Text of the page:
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The Week of April 8, 2018

2nd Week of Easter - 2018

Brief reflections on the week’s Scripture readings.

 


The Word…

 The community of believers was of one heart and mind,
and no one claimed that any of his possessions was his own,
but they had everything in common.
With great power the apostles bore witness to the resurrection of the Lord Jesus,
and great favor was accorded them all.
There was no needy person among them,
for those who owned property or houses would sell them,
bring the proceeds of the sale, and put them at the feet of the apostles,
and they were distributed to each according to need.

(from Acts 4:32-35)

 

 


Pondering the Word…

Can you even imagine something like this happening today? There are places in the world where this occurs out of sheer necessity. There are scattered kibbutzim and communes and religious communities whose members commit to share everything in common, but in suburban America, where I live? We tend to guard our property, possessions, and independence fiercely.

In his encyclical, The Joy of the Gospel, Pope Francis takes a cue from this Acts story. He suggests we take a hard look at what we consider to be personal property. Society’s definition has broadened to include things that rightly belong to all humankind: clean air and water, adequate food supply, and housing.

 “Solidarity presumes the creation of a new mindset which thinks in terms of community and the priority of the life of all over the appropriation of goods by a few…The private ownership of goods is justified by the need to protect and increase them, so they can better serve the common good; for this reason, solidarity must be lived as the decision to restore to the poor what belongs to them.” (188, 189)

Look around your life. What things do you see as your private property that are in fact common resources for the whole world?

Living the Word…

Time to ‘fess up: Do you waste water? I’m sorry to say I do. Some think the next world war will be fought over water. Just because I pay for the water I use doesn’t give me license to waste this valuable, rapidly depleting resource. Do we dispose of things in ways that protect our environment? Do we conserve energy? It’s easy to shake my head at government waste or corporate greed, but have I looked in the mirror?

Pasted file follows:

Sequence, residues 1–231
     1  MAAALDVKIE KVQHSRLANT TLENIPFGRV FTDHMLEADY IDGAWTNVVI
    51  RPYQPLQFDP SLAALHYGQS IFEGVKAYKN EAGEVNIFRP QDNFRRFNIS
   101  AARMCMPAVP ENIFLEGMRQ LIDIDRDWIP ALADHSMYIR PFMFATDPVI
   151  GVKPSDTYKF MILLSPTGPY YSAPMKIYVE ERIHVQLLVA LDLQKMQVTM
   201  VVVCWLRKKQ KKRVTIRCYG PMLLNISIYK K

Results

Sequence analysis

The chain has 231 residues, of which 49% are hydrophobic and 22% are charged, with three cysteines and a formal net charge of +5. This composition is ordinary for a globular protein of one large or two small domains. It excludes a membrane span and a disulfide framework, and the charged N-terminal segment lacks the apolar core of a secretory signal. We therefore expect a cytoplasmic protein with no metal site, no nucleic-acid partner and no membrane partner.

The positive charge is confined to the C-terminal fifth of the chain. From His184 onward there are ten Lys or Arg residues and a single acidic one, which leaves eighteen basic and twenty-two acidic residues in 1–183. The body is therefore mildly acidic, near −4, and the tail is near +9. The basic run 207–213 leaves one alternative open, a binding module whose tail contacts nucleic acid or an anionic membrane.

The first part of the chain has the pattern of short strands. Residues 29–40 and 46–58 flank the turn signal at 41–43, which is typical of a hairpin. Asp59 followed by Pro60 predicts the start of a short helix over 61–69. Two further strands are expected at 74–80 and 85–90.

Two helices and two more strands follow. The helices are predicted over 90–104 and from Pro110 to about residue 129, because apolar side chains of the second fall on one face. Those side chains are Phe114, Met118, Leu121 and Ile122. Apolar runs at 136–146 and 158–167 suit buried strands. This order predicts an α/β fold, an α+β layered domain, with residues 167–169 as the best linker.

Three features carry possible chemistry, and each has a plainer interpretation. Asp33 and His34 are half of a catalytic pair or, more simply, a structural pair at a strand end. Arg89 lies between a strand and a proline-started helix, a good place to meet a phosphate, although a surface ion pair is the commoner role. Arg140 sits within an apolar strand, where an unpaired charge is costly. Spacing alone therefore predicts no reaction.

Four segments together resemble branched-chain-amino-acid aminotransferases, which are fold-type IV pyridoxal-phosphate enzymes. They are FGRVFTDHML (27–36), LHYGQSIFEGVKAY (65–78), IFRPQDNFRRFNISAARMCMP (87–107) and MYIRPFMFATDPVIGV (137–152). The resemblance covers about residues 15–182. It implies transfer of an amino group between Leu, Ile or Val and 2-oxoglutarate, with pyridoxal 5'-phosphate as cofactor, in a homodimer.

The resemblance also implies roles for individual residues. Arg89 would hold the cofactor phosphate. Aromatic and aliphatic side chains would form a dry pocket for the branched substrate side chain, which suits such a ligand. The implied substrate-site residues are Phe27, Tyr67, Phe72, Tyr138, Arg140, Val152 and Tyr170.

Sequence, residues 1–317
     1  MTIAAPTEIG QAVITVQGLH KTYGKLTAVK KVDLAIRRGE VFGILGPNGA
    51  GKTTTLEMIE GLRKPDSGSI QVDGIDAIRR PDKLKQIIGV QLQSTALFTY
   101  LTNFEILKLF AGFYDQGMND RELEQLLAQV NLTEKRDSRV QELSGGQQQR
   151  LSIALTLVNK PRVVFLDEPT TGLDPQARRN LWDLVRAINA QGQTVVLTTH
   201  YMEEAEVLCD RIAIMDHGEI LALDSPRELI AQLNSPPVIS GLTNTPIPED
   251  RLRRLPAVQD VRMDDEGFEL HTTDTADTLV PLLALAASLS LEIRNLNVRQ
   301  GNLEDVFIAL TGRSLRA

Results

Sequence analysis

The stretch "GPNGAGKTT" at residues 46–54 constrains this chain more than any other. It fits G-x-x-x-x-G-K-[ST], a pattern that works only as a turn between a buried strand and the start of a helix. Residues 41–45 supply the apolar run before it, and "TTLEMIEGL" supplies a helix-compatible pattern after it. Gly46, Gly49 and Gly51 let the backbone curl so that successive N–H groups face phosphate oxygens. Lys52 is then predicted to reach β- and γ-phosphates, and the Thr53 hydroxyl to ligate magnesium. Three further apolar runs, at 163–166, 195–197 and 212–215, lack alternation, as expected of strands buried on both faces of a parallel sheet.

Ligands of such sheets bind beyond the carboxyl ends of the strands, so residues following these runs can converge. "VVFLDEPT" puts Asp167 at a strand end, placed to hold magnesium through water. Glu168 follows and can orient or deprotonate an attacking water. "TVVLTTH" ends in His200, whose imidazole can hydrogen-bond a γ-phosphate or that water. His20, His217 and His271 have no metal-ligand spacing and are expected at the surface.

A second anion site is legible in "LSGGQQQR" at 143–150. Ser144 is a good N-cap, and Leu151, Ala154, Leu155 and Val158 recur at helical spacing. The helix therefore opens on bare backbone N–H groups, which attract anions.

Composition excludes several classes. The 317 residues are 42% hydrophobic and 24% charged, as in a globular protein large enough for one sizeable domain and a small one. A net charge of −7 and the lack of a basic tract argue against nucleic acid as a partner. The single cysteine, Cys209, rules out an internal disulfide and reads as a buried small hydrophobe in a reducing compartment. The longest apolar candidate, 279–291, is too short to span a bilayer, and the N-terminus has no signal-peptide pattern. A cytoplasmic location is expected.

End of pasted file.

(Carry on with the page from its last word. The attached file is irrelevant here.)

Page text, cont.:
History shows humankind may never learn to share things fairly, at least not on a consistent basis. But we know we can and do come together when disaster strikes. What if we were to live with that kind of generosity every day? Spend time this spring seeing what you can do to share what you have, not just as charitable giving, but with a real eye towards changing your mindset and habits. By all means, get the kids involved. It is their world we impact:  We do not inherit the Earth from our ancestors—we borrow it from our children.”


Text Box:  

Pondering the Word…

Can you even imagine something like this happening today? There are places in the world where this occurs out of sheer necessity. There are scattered kibbutzim and communes and religious communities whose members commit to share everything in common, but in suburban America, where I live? We tend to guard our property, possessions, and independence fiercely.

In his encyclical, The Joy of the Gospel, Pope Francis takes a cue from this Acts story. He suggests we take a hard look at what we consider to be personal property. Society’s definition has broadened to include things that rightly belong to all humankind: clean air and water, adequate food supply, and housing.

 “Solidarity presumes the creation of a new mindset which thinks in terms of community and the priority of the life of all over the appropriation of goods by a few…The private ownership of goods is justified by the need to protect and increase them, so they can better serve the common good; for this reason, solidarity must be lived as the decision to restore to the poor what belongs to them.” (188, 189)

Look around your life. What things do you see as your private property that are in fact common resources for the whole world?

Living the Word…

Time to ‘fess up: Do you waste water? I’m sorry to say I do. Some think the next world war will be fought over water. Just because I pay for the water I use doesn’t give me license to waste this valuable, rapidly depleting resource. Do we dispose of things in ways that protect our environment? Do we conserve energy? It’s easy to shake my head at government waste or corporate greed, but have I looked in the mirror?

History shows humankind may never learn to share things fairly, at least not on a consistent basis. But we know we can and do come together when disaster strikes. What if we were to live with that kind of generosity every day? Spend time this spring seeing what you can do to share what you have, not just as charitable giving, but with a real eye towards changing your mindset and habits. By all means, get the kids involved. It is their world we impact:  We do not inherit the Earth from our ancestors—we borrow it from our children.”


Apr 9: “Here I am, Lord; I come to do your will. (Ps 40)